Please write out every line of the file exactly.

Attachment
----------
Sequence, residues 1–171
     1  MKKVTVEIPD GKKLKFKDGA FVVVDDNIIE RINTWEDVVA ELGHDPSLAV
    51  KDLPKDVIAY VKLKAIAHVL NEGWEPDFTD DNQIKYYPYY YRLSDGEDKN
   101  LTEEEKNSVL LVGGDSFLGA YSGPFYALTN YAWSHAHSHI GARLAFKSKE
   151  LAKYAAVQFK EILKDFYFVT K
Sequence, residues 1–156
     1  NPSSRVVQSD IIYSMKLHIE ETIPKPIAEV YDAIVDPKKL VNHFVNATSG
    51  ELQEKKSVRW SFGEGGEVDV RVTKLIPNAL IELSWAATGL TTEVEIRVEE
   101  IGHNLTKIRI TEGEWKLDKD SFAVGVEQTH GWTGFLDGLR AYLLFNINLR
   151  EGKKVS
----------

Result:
Sequence, residues 1–171
     1  MKKVTVEIPD GKKLKFKDGA FVVVDDNIIE RINTWEDVVA ELGHDPSLAV
    51  KDLPKDVIAY VKLKAIAHVL NEGWEPDFTD DNQIKYYPYY YRLSDGEDKN
   101  LTEEEKNSVL LVGGDSFLGA YSGPFYALTN YAWSHAHSHI GARLAFKSKE
   151  LAKYAAVQFK EILKDFYFVT K
Sequence, residues 1–156
     1  NPSSRVVQSD IIYSMKLHIE ETIPKPIAEV YDAIVDPKKL VNHFVNATSG
    51  ELQEKKSVRW SFGEGGEVDV RVTKLIPNAL IELSWAATGL TTEVEIRVEE
   101  IGHNLTKIRI TEGEWKLDKD SFAVGVEQTH GWTGFLDGLR AYLLFNINLR
   151  EGKKVS